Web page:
IN 2016,  before Sheriff’s singing career took off, trust between public officials, the Waco NAACP,  and the Community Race Relations Black Coalition, that Sherriff and “Doc” Anderson took out a full page suck up ad from the suck up Trib.

So here we are one “dog and pony show” that “all lives matter,” intersecting with Sheriff’s singing career.

“They call him the “singing Sheriff,” Charlotte McNamara on Channel 10 News the first time this happened.  Thinking for sure he’d never do THAT again.  WRONG.




Dumb and Dumber, Unaware and Unawarer

McNamara Anderson

McLennan County Sheriff Parnell McNamara (left) and State Rep. Charles “Doc” Anderson, R-Waco, purchased full-page advertisements that said “All Lives Matter.”

“We don’t tolerate racism in this department,” McNamara said. “We just don’t. We treat everybody fairly.”


McLennan County’s top law enforcement officer says he didn’t know the objectives or purpose of the Black Lives Matters movement when he bought a full-page ad in the Sept. 2 issue of the Hometown News that says “All Lives Matter.”

Sheriff Parnell McNamara and State Rep. Charles “Doc” Anderson, R-Waco, each bought ads with the phrase, though both said they were unaware of the other’s purchase at the time.

McNamara said he bought the ad because that’s what he believes.

When police officers commit what appear to be crimes against blacks and face no consequences, it looks as if black lives don’t matter, Waco NAACP President Peaches Henry said.

Henry and the Waco NAACP have called for local law enforcement agencies to use body cameras and implement citizen review boards and other measures that would allow more public oversight and communication with police.

“Given the actions that are going on in our community, it doesn’t appear to us that African-American lives matter, and so what we are saying is please count us in humanity as well,” she said.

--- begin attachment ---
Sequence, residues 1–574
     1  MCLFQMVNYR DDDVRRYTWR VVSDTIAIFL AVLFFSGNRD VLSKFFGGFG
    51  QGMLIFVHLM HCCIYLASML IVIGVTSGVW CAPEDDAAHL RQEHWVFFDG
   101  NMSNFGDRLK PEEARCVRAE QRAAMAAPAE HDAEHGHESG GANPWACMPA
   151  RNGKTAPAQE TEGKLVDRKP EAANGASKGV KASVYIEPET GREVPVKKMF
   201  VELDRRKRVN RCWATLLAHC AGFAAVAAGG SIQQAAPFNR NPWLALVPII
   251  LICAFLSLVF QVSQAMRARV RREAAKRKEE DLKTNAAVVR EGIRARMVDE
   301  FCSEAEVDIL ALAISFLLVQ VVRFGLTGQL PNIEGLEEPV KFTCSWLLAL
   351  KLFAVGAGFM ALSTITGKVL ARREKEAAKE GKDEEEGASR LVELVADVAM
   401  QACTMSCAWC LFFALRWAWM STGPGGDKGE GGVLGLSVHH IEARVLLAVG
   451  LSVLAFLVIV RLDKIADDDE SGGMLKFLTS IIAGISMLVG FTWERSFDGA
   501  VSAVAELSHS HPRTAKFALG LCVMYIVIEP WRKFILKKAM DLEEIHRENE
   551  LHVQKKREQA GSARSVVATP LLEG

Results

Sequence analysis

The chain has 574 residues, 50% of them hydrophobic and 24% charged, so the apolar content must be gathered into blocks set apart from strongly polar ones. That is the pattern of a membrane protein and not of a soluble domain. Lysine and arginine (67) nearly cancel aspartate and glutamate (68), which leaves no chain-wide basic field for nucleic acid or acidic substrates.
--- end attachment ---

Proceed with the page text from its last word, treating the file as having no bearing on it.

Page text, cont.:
Jo Welter

Jo Welter, Community Race Relations Coalition board chairman, said it does matter what color someone’s skin is, because of unequal treatment.

Emotions dictate behavior, Welter said. She tells other members of the coalition they’ll never know what it is they say or do that will trigger someone to change their behavior.

Welter said she had a black woman at a meeting explain that “People of color can never ever relax because they are always representing their group. Always.”

She said a 3 a.m. trip to Walgreens for a prescription requires getting fully dressed up for fear she might give individuals the opportunity to treat her less because of the color of her skin.

Those listening were dumbfounded, Welter said.

“It doesn’t mean they are going to go up tomorrow and have a glowing halo over their heads. When people have an emotional reaction to something it changes their behavior,” she said. “When one heart changes it has a profound effect.”

Welter said she believes McNamara has a good heart. His unintended message, like others, stems from ignorance or misunderstanding about the issue, she said. People are so deeply affected by racist teachings ingrained in society they can unconsciously do offensive things, she said. Racism is a difficult subject.

McNamara has attended one of the coalition’s workshops on undoing racism, she said, adding she appreciated he came out for that.




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